The data in the above chart come from the US Census Bureau, and it appears to me they have only made a very slight allowance for the impact of migration, which may mean that the ageing curve has not been so steep in the last three or four years, but equally, and despite the fact that population has risen by nearly 2 million since 2003 due to substantial immigration, the retail sales have barely shown an impact (which means I would hate to see what they would have looked like without the immigants). Although, might we postulate the some of the stability we saw in retail sales in 2005 and 2006 could be the impact of the arrival of the immigrants?

EU Sentiment Index Down In August

Other indicators also seem to confirm the idea that things in Italy continued to get worse more slowly in Italy in August, one of these was the EU Economic Sentiment Indicator (ESI) which fell in both the Eurozone and EU, falling by 1.9 points in the EU and by 0.7 of a point in the Eurozone, to 86.9 and 88.8 respectively. For the EU as a whole the ESI reached its lowest level since December 1993. However, unsurprisingly, perhaps, in view of all the above, while the ESI fell for the zone as a whole in August, in Italy it bounced back slightly to 89.5 from July's 85.4 low.

One of the reasons for this change is undoubtedly the shift in consumer confidence, and one of the underlying reasons for this shift in consumer confidence is the easing in petrol prices and inflation, which fell back to an annual 4% in August from an annual 4.1% in July.

It is to be hoped that producer prices, which were up at their highest rate since September 1995 in July - an annual 8.3% - will now follow the same path. There is some evidence of a moderating trend, since month on month, the index rose 0.5% over June compared with a 0.8% increase the previous month.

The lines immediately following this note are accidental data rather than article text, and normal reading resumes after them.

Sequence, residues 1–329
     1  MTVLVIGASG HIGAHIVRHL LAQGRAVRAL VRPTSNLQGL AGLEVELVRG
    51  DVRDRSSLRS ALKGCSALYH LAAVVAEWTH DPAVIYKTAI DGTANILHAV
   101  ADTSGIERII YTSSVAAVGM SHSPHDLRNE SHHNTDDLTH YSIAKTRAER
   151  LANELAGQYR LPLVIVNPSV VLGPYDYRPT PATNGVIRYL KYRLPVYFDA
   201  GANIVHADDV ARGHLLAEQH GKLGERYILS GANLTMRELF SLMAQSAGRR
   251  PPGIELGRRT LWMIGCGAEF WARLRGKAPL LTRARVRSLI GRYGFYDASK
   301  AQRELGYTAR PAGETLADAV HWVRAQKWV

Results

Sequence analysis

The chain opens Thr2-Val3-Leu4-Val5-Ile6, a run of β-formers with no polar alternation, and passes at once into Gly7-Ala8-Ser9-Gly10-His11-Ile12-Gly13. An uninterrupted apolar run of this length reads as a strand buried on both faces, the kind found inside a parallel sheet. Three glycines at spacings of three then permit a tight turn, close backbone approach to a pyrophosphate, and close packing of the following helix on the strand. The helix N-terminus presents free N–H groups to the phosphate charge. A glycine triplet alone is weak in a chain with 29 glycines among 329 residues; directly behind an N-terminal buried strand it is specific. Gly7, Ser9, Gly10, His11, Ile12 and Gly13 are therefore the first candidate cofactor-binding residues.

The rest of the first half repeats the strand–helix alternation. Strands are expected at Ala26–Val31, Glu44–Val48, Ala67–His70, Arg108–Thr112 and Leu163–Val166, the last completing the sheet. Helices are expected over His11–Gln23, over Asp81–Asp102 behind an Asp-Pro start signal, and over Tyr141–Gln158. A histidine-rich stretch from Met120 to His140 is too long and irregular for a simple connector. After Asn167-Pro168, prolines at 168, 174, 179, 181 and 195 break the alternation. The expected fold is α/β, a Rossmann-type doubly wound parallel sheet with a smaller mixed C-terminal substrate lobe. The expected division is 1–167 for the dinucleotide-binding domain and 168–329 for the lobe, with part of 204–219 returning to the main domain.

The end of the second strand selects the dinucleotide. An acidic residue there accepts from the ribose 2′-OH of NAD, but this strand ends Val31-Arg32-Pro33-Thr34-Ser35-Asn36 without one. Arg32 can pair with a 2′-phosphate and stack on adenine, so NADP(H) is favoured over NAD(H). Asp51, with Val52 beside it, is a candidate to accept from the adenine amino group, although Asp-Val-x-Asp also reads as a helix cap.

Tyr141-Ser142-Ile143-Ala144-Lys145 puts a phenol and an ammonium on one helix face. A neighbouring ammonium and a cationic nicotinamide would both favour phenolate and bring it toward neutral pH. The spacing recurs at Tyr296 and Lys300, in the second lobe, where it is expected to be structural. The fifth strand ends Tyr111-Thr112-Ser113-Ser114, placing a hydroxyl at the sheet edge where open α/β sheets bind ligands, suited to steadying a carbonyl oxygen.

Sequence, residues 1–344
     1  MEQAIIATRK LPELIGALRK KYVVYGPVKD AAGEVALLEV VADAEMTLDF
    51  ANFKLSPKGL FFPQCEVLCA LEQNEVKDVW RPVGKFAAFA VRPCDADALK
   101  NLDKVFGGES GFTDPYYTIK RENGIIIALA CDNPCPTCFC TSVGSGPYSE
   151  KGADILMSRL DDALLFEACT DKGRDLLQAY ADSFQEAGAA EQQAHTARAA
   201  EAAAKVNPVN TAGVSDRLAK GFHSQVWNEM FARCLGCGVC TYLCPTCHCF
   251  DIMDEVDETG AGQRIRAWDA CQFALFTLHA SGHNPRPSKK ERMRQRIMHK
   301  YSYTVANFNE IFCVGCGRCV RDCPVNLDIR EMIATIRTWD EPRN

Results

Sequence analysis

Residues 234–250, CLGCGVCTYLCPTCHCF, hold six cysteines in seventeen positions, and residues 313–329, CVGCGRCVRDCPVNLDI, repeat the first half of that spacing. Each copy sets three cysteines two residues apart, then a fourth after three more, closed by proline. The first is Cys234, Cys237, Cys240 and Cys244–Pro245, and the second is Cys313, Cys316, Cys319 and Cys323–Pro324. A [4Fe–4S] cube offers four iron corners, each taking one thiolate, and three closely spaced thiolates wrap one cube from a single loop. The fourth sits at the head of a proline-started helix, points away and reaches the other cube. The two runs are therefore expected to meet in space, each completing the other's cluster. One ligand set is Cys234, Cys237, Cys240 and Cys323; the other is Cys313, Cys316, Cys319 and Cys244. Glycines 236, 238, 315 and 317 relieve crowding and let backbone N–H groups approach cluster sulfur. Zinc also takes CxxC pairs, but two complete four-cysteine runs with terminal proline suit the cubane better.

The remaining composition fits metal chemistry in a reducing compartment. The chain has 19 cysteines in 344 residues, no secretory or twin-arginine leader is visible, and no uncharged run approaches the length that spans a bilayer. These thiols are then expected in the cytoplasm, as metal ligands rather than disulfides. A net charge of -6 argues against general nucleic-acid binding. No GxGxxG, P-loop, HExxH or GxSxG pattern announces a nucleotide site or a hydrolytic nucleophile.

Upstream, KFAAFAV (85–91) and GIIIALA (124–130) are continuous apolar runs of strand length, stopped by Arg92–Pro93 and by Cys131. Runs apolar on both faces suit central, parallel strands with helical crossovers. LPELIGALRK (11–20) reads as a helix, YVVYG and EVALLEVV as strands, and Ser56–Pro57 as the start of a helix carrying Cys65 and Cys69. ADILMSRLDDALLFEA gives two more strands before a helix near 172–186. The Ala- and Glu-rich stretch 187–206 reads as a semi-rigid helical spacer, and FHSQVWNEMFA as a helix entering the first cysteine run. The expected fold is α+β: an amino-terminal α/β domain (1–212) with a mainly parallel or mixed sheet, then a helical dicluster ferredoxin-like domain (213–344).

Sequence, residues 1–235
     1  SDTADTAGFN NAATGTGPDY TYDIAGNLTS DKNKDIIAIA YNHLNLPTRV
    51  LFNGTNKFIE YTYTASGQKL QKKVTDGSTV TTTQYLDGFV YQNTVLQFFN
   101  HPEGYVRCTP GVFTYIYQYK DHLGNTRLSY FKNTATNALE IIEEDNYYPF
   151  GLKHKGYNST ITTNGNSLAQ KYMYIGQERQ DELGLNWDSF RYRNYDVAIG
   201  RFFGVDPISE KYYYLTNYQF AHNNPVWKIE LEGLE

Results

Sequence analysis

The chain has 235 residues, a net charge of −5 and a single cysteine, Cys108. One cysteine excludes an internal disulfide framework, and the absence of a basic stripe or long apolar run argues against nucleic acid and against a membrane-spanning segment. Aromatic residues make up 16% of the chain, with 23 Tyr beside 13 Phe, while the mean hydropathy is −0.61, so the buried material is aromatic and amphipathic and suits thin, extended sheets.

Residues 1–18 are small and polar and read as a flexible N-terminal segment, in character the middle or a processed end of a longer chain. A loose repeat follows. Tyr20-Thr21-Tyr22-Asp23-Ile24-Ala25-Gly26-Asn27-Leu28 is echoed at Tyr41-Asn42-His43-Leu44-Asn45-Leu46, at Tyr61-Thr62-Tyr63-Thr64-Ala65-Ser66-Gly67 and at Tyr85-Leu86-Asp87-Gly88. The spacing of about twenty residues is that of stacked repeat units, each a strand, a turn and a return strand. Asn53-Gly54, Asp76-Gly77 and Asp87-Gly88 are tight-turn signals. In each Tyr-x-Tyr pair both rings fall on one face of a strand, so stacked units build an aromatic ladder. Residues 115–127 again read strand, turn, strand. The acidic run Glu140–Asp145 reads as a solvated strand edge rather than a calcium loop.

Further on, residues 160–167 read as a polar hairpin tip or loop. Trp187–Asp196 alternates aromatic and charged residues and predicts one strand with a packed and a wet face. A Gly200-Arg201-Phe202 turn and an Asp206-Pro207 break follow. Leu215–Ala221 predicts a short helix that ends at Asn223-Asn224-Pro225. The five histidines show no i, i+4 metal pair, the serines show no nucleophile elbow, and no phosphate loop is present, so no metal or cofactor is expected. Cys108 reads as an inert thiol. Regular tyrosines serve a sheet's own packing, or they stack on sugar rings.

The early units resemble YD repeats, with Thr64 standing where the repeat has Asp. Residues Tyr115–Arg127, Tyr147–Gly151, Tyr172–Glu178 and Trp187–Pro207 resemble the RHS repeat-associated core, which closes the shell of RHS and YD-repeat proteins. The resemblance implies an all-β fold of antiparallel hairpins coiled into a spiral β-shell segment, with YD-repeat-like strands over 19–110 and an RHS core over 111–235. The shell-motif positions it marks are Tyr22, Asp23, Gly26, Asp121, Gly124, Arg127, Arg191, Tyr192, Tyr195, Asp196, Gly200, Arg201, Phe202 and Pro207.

Istat said that energy prices in July surged 25% on the year and 1.6% on the month. The price of refined petroleum products continued to drive the index higher year-on-year, since they were up by an annual 31.1% and 1.2% on the month. Excluding energy, producer prices only rose 4.1% on the year and 0.1% on the month in July.

So is it all about energy, well obviously not completely, but it is to some significant extent. Years of declining competitiveness and a complete disregard for the problems that population ageing were going to represent have left the Italian economy completely "groggy", like the proverbial boxer leaning on the ropes, waiting for the knock-out blow. And in it has come, in the shape of an unprecedented and sharp spike in oil prices. Italy is now, as we can see, extremely sensitive to any strongish movement, one way or the other, in oil prices. Thus it seems it may well be worth asking ourselves, along with Professor Bardi, the awkward question of whether Italy's economy can in fact learn to live with oil prices which remain over $100 a barrel in the longer term? The answer is not at all obvious.

An airline is a small economic system that uses fuel derived from oil in
order to carry on activities that generate profits. If oil is too expensive,
profits disappear and, eventually, the system must disappear, too, bankrupted.
Low cost airlines have appeared during the period of relatively low oil prices
that ensued after the first oil crisis, in the 1980s. Can these airlines exist
with oil over $100 per barrel?

A country is larger than an airline but it, too, needs fuel for its
economic activities. And, if deficits run too high, countries can go bankrupt as
well. Italy's industrial economy had its moment of maximum growth in the 1950s
and 1960s; in a period of low and stable oil prices. Can Italy's industry exist
with oil prices over $100 per barrel?